When Rob Webb spoke, it was obvious that he would never contemplate growing cotton. He wanted to preserve the land that his family had farmed for four generations since 1874. He did not wish to make the mistakes of the past.
He explained how overgrazing and poor land management has destroyed the soil’s fertility. During the Federation Drought from 1895 to 1903 the bone bare land lost many centimetres of rich soil that was blown away. He told heart rending-stories of houses and people buried in dust. Tragedies of the past were obviously seared into his heart. He had seen friends lose their farms, land and habitat destroyed and family farms eaten up by agri-corporations. Considering that Robb and Rosemary’s five children have chosen not to be farmers he might be the last Webb to farm the ‘Clearview’ property on Webb Siding Road. Angus is a doctor, Russell a nurse, Clare an occupational therapist, Adam a construction manager and Owen a commercial lawyer.
When writing to a parliamentary committee Rob wrote “In the early 1980s we experienced an horrific drought which made me realise that the continuous high stocking rate that we had practised would simply not be able to be sustained. We were forced to destock into a very depressed market which created a deal of economic hardship. Fortunately, my wife was able to continue with her teaching which allowed for some degree of financial security to be achieved.
The difficult climatic conditions during that drought provided me with an opportunity to rethink our long-term management. We planted thousands of trees in corridors in and around our property. We also set about planting 202 hectares of Old Man Saltbush. This is a hardy perennial edible shrub which provides a buffer against the wind erosion that we had experienced during the 1982 to 1983 drought.
We also set about a rehabilitation program in the 20 ha of Backwater Cowal (i.e. a swamp) on the Dappo property.”
Robb also said “We had a very changed attitude towards maintaining stock numbers. We were able to shed numbers when conditions became too severe.”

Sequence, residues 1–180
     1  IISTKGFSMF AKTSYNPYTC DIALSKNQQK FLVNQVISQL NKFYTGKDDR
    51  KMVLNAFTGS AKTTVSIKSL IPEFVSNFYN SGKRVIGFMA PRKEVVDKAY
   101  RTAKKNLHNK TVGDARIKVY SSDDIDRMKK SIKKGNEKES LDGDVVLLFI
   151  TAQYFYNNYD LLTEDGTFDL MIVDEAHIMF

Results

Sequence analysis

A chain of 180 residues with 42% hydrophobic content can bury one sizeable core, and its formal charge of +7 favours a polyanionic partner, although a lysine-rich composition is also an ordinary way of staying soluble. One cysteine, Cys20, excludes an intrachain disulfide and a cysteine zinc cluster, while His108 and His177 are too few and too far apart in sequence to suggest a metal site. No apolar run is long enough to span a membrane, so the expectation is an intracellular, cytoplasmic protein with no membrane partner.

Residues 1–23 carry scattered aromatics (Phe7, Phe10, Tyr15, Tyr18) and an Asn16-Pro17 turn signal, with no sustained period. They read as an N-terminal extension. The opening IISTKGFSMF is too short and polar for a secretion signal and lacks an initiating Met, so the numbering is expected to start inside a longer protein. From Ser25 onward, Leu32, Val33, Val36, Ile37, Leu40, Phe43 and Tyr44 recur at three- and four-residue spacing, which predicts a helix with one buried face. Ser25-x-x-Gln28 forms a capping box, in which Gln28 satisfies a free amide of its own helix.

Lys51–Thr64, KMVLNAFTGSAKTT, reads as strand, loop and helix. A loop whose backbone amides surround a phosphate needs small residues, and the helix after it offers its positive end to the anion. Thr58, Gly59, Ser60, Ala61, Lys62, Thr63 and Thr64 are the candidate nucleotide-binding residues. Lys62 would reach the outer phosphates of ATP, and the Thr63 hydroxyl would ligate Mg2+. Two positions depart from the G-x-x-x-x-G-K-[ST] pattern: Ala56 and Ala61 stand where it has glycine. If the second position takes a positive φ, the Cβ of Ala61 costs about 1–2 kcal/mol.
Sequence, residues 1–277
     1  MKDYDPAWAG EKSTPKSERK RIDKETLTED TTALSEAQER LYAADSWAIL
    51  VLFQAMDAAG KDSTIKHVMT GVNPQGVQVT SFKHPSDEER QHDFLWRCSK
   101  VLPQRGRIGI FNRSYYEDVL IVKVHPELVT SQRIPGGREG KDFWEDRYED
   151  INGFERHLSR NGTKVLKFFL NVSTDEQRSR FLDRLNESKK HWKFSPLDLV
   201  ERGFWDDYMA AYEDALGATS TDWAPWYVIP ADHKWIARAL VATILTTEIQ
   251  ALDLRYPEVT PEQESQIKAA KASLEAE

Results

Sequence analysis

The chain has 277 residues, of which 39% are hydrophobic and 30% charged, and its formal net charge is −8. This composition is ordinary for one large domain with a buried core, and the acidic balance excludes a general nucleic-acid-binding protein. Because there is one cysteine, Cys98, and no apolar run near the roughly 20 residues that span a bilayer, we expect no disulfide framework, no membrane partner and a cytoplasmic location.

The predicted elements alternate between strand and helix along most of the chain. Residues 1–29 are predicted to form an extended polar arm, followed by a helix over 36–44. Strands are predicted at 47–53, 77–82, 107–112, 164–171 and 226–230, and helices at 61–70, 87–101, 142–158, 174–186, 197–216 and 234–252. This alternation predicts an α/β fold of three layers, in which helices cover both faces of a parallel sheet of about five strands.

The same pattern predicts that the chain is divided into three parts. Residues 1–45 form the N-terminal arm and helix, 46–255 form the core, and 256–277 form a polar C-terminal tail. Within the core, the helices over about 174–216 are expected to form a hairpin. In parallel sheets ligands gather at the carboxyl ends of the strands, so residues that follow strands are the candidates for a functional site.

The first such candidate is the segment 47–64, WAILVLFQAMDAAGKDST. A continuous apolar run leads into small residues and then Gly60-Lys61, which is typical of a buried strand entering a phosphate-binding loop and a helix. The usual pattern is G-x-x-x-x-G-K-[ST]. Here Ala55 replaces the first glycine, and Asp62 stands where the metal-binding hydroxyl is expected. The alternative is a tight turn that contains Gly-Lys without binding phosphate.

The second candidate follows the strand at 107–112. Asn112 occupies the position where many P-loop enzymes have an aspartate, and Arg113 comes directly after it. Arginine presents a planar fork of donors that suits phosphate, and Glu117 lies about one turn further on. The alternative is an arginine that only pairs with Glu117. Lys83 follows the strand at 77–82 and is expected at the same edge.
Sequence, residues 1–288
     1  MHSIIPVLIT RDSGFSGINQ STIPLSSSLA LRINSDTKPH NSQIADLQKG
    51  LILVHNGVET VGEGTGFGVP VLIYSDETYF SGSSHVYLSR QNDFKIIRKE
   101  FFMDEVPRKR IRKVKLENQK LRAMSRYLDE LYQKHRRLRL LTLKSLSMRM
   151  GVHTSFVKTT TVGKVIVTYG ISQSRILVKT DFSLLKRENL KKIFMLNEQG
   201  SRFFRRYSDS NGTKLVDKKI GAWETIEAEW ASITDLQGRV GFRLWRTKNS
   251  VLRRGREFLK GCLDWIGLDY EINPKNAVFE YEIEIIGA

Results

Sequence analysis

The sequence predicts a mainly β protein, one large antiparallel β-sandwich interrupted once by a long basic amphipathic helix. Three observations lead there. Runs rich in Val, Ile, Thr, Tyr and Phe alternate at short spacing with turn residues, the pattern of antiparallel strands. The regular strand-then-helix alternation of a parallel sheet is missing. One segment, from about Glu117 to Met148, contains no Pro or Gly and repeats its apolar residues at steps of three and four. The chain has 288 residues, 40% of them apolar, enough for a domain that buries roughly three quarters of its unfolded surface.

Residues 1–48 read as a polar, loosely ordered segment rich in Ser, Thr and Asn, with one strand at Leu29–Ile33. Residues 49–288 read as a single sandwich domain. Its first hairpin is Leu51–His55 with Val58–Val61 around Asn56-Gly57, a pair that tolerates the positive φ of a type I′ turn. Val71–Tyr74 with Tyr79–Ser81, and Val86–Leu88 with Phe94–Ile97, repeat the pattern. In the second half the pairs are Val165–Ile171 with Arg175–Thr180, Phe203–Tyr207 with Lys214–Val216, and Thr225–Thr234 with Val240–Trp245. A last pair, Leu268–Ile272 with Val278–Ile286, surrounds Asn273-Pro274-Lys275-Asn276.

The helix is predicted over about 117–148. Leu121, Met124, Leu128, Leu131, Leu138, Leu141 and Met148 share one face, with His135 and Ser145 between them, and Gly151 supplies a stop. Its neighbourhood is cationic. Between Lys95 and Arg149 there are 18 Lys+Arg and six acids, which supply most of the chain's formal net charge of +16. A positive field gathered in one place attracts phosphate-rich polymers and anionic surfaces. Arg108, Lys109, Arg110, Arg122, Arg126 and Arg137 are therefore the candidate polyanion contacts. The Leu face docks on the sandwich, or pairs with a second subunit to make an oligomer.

On their 600 hectares the Webbs run 1200 white Dorper ewes for ‘Saltbush lamb’ and 50 steers.
Rob Webb and his Narromine neighbour Bruce Maynard wanted to preserve their pastures and re-establish some of the natural habitat. They were not interested in using herbicides or superphosphate. Their method was to help the land recover and become sustainable. By planting deep rooted saltbushes on pasture they stabilized the soil and provided feed when the grass had been depleted. They were drought-proofing their pastures. Oldman saltbush (Atriplex nummularia) seedlings grown at Narromine Transplants were transplanted on both the Maynard and Webb properties to guarantee a sustainable future for their pastures.
Rob had previously managed the small Dappo property of 130 hectares next to his father’s ‘Clearview’ farm. He produced a range of crops including wheat, oats and barley as well as lucerne, hay, fat lambs, wool and Premier Digit seed. After his father died, he sold the Dappo farm and started afresh on his father’s farm.
On his ‘Clearview’ property he produces ‘Saltbush lamb’ and native cut foliage. The Australian floriculture industry produces high value products. Rob grows Eucalyptus macrocarpa that sells well for its large cut flowers and grey menthol-scented foliage.
Rob Webb’s farm sits over an ancient billabong that can be traced from a bend in the Macquarie River. Its remnant appears as Backwater Cowal which once flowed 80 kilometres west across the plain past Nevertire where it peters out. Ancient river gravels beneath the Macquarie flood plain soils act as aquifers for the river’s waters. Most of the swampy depressions have been transformed into arable land however some wetlands still exist. At Rob’s southern boundary he and a neighbour have restored the Cowal to form a large natural wetland where eucalyptus trees have been planted. This is a natural bird habitat with plenty of water and trees.